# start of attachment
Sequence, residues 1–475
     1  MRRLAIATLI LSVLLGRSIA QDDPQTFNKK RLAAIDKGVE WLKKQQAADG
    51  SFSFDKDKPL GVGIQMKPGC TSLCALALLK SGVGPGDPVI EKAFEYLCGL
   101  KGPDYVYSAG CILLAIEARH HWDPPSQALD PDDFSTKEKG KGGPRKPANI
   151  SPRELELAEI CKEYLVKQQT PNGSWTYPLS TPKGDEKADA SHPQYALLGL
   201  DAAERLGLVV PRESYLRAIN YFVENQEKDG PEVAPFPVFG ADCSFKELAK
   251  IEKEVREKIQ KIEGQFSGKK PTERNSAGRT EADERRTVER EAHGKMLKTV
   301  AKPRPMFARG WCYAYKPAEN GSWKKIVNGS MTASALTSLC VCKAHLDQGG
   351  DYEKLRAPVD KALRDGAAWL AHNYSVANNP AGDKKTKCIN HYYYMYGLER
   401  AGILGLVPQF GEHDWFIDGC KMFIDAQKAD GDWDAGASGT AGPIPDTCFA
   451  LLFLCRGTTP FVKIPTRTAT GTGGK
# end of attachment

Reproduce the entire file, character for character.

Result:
Sequence, residues 1–475
     1  MRRLAIATLI LSVLLGRSIA QDDPQTFNKK RLAAIDKGVE WLKKQQAADG
    51  SFSFDKDKPL GVGIQMKPGC TSLCALALLK SGVGPGDPVI EKAFEYLCGL
   101  KGPDYVYSAG CILLAIEARH HWDPPSQALD PDDFSTKEKG KGGPRKPANI
   151  SPRELELAEI CKEYLVKQQT PNGSWTYPLS TPKGDEKADA SHPQYALLGL
   201  DAAERLGLVV PRESYLRAIN YFVENQEKDG PEVAPFPVFG ADCSFKELAK
   251  IEKEVREKIQ KIEGQFSGKK PTERNSAGRT EADERRTVER EAHGKMLKTV
   301  AKPRPMFARG WCYAYKPAEN GSWKKIVNGS MTASALTSLC VCKAHLDQGG
   351  DYEKLRAPVD KALRDGAAWL AHNYSVANNP AGDKKTKCIN HYYYMYGLER
   401  AGILGLVPQF GEHDWFIDGC KMFIDAQKAD GDWDAGASGT AGPIPDTCFA
   451  LLFLCRGTTP FVKIPTRTAT GTGGK